The State and System of the Kuwait Government
The State and System of the Kuwait Government Last updated on Wednesday 21st April 2010
According to its constitution, Kuwait is a fully independent Arab state with a democratic system of rule and sovereignty is vested in the nation which represents the sources of all power. As has been provided for in the state constitution, the system of government is based on the separation of powers. HH the Amir and the National assembly have the legislative authority; HH the Amir, the cabinet and ministers have the executive authority.
The Kuwaiti constitution is based on the principle of democracy; it combines the positive aspects of both presidential and parliamentary systems in advanced democratic countries including sovereignty of the state, public freedoms and equality before the law.
The Emir of Kuwait
It has been provided for in the state constitution that "the Amir, H.H Sheikh Jaber Al-Ahmad Al-Jaber Al-Sabah, is the head of the state." It has also been provided that "H.H the Amir assumes his authority through his ministers; the Prime Minister and the cabinet are accountable to HH the Amir for general policy of the state and each minister is responsible for his own ministry." Any law is issued only after being approved by the National assembly and sanctioned by H.H the Amir. Many issues of public interest also fall under his supervision; he is also the president of some prestigious organizations, such as the Kuwait Foundation for the Advancement of Sciences (KFAS). However, despite his several official duties, H.H the Amir is aware of his personal relations with his citizens, sharing with them their joys and sorrows.
The Crown Prince
The present Crown Prince and Prime Minister, H.H Sheikh Saad Al-Abdullah Al-Salem Al-Sabah, is the president of the Supreme Defense Council, the Supreme Petroleum Council, the Civil Service Commission and the Housing Higher Council.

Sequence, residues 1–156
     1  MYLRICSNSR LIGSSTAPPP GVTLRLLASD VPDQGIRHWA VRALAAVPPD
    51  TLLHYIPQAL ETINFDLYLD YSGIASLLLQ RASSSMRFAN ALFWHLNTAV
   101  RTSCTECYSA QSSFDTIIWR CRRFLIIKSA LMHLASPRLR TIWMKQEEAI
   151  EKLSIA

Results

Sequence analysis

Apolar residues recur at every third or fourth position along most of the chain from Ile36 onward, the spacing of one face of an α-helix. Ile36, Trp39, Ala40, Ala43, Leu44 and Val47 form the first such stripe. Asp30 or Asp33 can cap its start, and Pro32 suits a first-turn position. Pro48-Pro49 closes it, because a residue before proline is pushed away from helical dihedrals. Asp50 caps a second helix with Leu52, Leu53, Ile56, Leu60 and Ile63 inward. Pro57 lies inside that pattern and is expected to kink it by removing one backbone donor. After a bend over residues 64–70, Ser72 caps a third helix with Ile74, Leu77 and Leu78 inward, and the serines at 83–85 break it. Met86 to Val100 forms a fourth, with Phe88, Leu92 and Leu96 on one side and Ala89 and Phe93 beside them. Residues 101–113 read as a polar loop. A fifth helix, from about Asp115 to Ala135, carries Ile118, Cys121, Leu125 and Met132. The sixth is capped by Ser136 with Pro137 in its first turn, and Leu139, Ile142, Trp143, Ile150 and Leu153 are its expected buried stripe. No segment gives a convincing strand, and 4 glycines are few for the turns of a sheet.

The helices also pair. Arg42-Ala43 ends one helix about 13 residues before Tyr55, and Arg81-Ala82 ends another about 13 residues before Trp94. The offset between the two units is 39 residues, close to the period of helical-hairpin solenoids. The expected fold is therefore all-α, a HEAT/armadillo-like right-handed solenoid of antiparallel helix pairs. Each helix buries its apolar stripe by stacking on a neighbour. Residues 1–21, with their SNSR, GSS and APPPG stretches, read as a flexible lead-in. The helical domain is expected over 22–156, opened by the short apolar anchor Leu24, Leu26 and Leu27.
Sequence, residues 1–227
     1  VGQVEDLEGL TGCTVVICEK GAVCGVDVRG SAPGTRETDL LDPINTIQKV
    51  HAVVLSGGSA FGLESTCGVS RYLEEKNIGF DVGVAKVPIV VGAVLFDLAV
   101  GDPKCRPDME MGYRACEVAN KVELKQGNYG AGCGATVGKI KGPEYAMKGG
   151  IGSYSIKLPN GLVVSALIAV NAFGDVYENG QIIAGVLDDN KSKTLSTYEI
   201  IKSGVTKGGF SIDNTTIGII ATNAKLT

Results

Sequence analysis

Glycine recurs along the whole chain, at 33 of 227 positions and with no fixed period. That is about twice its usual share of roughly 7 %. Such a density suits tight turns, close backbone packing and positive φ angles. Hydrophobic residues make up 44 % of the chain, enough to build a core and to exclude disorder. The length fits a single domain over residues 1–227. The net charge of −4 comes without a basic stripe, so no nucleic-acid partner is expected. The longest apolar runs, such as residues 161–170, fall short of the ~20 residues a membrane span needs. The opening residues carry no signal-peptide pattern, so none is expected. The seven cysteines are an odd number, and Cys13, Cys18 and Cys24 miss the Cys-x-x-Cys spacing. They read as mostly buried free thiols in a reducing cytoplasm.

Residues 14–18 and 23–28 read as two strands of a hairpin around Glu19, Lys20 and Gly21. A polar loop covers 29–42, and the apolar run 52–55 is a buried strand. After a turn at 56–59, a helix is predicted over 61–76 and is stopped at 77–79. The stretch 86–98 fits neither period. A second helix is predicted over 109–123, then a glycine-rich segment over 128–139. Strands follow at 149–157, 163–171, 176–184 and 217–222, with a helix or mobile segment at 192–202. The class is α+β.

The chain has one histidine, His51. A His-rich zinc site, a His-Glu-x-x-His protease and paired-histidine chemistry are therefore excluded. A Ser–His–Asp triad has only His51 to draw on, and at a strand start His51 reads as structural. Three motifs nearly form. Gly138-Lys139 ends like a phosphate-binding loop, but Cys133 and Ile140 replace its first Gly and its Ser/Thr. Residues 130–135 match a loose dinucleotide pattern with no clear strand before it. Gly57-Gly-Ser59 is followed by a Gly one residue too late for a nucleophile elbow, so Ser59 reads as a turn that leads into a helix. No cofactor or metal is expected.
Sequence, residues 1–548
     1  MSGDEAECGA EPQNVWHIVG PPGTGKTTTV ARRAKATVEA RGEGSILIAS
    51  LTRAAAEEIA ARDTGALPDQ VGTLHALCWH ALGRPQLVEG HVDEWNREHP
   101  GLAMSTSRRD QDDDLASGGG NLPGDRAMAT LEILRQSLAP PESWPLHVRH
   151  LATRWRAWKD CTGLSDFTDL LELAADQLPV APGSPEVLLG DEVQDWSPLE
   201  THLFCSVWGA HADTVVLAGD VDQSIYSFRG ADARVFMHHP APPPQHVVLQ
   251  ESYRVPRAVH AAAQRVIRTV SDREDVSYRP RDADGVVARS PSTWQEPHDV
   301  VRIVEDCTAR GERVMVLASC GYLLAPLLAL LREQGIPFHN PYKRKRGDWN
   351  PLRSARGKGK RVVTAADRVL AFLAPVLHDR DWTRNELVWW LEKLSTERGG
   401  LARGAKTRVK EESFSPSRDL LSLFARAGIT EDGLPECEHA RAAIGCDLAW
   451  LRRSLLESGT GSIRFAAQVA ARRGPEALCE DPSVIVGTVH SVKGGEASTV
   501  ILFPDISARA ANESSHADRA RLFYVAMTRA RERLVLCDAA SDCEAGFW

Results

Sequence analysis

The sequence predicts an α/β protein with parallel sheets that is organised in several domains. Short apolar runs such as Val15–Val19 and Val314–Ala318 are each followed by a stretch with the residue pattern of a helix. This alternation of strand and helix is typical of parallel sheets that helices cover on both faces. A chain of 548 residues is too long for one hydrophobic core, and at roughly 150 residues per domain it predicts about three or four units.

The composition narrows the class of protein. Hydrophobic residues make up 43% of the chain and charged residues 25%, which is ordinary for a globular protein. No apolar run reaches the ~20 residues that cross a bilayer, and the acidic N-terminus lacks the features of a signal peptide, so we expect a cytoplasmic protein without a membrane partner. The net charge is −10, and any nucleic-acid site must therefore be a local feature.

It is divided into three parts; Courts of First Instance to adjudge civil and commercial disputes; Court of Appeal, which has jurisdiction over the appealed rulings of the Court of First Instance in pursuance to law; Court of Cassation, which is considered as the supreme court of all Kuwait courts and contributes to establishing legal rules, unifying, interpreting and applying laws.
General inquiries, tel.: 242 8000
Democratic experience in Kuwait has become more mature and open since the establishment of the Kuwaiti parliament in 1963. Kuwaiti males who have reached the age of 21 are entitled to vote. Ministers, judges, prosecuting attorney, chiefs of voters' registration committees or their members, may not nominate themselves unless they have already resigned from their posts prior to elections. Ministers not elected in the National Assembly are considered to be members of the Assembly by virtue of their positions.
General inquiries, tel.: 245 5425
The cabinet is the executive authority in Kuwait. The cabinet chairman is appointed by an Amiri decree. Accoding the state constitution, the number of ministers, including the Prime Minister, should not exceed third of the Naitonal Assembly members (50 members). However, this number does not include those who are occupying ministerial positions and who are not members in the cabinet, such as the National Guards' Chief, Minister of Amiri Diwan Affairs, the Amir Counsellor and Auditing Bureau Chief.
General inquiries, tel.: 245 5333/487 7422
The Kuwait Audit Bureau is another democratic landmark. It is in charge of monitoring the state's revenue and expenditure as an independent legal entity. It monitors proper utilization and expenditure of public funds including financial supervision and auditing of the accounts of all ministries and public establishments with attached and independent budgets. Its jurisdiction is provided for by the constitution and according to the financial laws, regulations and instructions assigned to it.
General inquiries, tel.: 242 1036/244 3840